South Carolina law enforcement and federal election officials are investigating whether a former staffer for Sen. Lindsey Graham (R-S.C.) stole more than $200,000 from Graham’s campaign coffers during a more than four-year period ending in 2005.
The South Carolina Law Enforcement Division confirmed Monday that it is looking into allegations made by Graham’s campaign committee, but citing agency policy, it declined to name the individual involved.
Graham’s office, however, has been working with state law enforcement officials and the Federal Election Commission for roughly a year on a case involving Jennifer Adams, a former press aide in Graham’s Senate office who also worked as a part-time bookkeeper for his re-election committee.
Adams was fired by Graham’s office on June 19.
The FEC also declined to discuss the case, but Graham’s office suspects Adams began pilfering campaign accounts in November 2002, according to an Oct. 1 letter from Graham’s campaign treasurer, Kevin Hall, to the FEC.
Earlier this month, Graham’s lawyers restated more than four years of campaign finance records, which show alleged unauthorized payments by Adams to herself and various credit card companies.
On Monday, Graham’s campaign sent a mass mailing to his donors detailing the allegations. He did not name Adams in the letter.
“Our campaign recently conducted an intensive internal review of our financial records. During this review, we uncovered a number of unauthorized disbursements made by a former employee,” reads an Oct. 15 letter signed by Graham. “Our campaign contacted the Federal Election Commission upon discovering the suspected misappropriation of funds to make them aware of the situation and to seek appropriate guidance on how to proceed.”
He added: “The individual in question has been terminated from employment, and we have implemented strict internal controls governing all financial activities of the campaign to ensure nothing like this happens ever again.”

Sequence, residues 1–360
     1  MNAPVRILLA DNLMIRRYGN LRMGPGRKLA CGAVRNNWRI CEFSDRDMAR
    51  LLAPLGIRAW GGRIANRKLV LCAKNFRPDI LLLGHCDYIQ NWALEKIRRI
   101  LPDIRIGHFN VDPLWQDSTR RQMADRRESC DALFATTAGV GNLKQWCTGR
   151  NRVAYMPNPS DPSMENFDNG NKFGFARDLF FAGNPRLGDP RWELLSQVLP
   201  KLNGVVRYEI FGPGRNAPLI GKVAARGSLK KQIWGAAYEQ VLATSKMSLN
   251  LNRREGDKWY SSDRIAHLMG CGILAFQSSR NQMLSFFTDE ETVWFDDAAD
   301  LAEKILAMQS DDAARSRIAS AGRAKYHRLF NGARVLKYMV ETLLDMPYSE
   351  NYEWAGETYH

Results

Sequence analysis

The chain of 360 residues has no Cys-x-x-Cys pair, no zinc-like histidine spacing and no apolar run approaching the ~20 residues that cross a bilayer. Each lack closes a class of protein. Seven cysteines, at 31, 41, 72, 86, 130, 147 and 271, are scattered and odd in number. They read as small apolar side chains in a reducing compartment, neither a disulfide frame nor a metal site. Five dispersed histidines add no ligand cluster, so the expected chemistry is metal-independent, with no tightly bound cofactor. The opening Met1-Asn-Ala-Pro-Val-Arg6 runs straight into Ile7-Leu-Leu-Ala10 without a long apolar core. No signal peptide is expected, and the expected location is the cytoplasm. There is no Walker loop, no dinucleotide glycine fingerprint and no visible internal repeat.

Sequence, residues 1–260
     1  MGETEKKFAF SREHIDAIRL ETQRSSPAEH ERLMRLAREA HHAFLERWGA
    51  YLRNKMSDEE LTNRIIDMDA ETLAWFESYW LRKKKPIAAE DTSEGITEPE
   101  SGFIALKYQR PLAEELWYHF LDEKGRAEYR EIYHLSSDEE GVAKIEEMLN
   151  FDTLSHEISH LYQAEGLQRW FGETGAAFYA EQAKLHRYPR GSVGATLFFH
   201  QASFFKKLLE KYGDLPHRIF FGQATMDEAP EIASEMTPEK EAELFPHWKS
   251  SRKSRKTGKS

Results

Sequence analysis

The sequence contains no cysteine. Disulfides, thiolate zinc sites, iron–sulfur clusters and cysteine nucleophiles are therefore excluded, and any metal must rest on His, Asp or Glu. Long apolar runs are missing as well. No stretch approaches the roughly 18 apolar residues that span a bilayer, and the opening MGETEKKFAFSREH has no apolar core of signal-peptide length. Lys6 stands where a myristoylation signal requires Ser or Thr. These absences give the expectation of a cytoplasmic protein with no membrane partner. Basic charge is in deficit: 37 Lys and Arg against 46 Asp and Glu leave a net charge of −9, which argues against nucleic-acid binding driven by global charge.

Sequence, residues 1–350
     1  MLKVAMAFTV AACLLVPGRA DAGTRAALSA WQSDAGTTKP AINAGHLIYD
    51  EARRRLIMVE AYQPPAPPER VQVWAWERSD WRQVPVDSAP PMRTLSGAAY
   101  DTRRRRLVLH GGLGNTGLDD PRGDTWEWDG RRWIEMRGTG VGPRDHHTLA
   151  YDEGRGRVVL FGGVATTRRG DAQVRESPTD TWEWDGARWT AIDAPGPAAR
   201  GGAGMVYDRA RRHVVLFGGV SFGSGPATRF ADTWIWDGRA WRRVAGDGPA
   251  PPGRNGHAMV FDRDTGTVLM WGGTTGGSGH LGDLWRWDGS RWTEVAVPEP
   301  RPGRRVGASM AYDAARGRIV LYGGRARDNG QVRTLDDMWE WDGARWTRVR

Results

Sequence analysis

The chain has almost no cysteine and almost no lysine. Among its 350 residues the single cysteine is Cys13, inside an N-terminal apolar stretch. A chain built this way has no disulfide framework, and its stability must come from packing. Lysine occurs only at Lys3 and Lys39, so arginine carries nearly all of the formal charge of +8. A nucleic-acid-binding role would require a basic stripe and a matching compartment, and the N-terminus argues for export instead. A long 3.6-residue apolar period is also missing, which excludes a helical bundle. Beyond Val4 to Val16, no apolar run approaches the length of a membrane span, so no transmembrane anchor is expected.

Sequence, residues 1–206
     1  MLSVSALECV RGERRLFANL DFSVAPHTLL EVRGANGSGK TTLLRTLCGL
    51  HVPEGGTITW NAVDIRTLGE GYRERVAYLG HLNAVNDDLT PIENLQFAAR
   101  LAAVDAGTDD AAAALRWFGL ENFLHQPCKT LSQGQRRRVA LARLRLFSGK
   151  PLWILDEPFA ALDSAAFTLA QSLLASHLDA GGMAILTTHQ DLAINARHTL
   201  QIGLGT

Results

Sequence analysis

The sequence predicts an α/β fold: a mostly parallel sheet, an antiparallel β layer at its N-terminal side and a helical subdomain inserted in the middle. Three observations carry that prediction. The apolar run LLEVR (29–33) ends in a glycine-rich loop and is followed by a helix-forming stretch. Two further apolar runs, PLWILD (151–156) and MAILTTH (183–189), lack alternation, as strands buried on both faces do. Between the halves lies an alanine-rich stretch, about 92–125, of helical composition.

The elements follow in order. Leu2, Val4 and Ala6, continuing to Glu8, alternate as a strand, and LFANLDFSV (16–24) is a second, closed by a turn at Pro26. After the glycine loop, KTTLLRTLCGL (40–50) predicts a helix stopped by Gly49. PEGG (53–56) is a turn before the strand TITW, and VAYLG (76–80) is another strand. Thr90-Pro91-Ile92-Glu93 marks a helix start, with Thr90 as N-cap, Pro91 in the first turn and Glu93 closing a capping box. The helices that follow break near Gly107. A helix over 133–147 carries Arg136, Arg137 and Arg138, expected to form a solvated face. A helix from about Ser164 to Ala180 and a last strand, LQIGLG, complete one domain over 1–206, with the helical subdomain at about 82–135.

The campaign alleges Adams made more than 75 illegal payments for as little as $186 and as much as $11,252.
Graham’s campaign first discovered Adams’ suspicious transactions two years ago when campaign officials began reconciling campaign bank accounts. The campaign initially moved slowly in the case, sorting through thousands of entries to determine if the missing money was a result of clerical errors or overlooked transactions.
But after unearthing a pattern of suspicious withdrawals, Graham’s office became less convinced human error was to blame. And in the fall of 2006, the Senator’s office contacted the FEC and South Carolina Law Enforcement Division regarding their suspicions of Adams.
After handing the case over to investigators, Graham’s office also overhauled its internal accounting procedures, shoring up lax check-writing policies and other responsibilities that can cause massive — and expensive — headaches for campaigns.
Still, Graham’s campaign may draw FEC scrutiny.
After a series of high-profile embezzlement cases involving Sens. Elizabeth Dole (R-N.C.) and Trent Lott (R-Miss.) and Minority Leader John Boehner (R-Ohio), the FEC last fall introduced accounting guidelines intended to protect campaign committees from rogue employees walking off with donations.
The FEC also unanimously agreed that if campaigns follow their advice, committees may be granted immunity from the agency for filing incorrect disclosure forms, an inevitable byproduct of embezzlement that recently has stung Rep. Lloyd Doggett (D-Texas) and Lockheed Martin’s political action committee.
“[If] internal controls are in place at the time of misappropriation … the FEC will not seek to impose liability on the political committee for filing incorrect reports due to the misappropriation of committee funds,” agency officials said last fall, when the policy was first introduced. “The commission will also consider the presence at some, but not all, of these practices or comparable safeguards as a mitigating factor in considering any liability from a misappropriation.”
The agency recommended in its new policy that committees not open accounts in the name of an individual, campaign checks for more than $1,000 should require two signers and that incoming checks be signed “For Deposit Only.”
“We have provided guidance to committees on how to improve their internal controls and we have said that if you meet the requirements in this guidance, then you will not be subject to these penalties,” FEC spokesman Bob Biersack told Roll Call on Monday.
Recent embezzlement cases at the FEC suggest that the agency may show little sympathy for Graham’s misfortune. Last spring the agency bestowed a heavy hand with Doggett’s campaign, fining it $6,500 for filing inaccurate disclosure statements during a five-year period. The campaign was forced to amend years’ worth of campaign finance documents when it determined its bookkeeper bilked the campaign till of roughly $160,000.
In 2006, the FEC also fined Lockheed Martin’s political action committee $27,000 for keeping sloppy books, essentially allowing an employee to siphon off more than $150,000.
The FEC would not confirm if Graham’s case is part of the agency’s hefty embezzlement caseload. Republican-nominated FEC Vice Chairman David Mason recently said the agency is working through 10 embezzlement cases.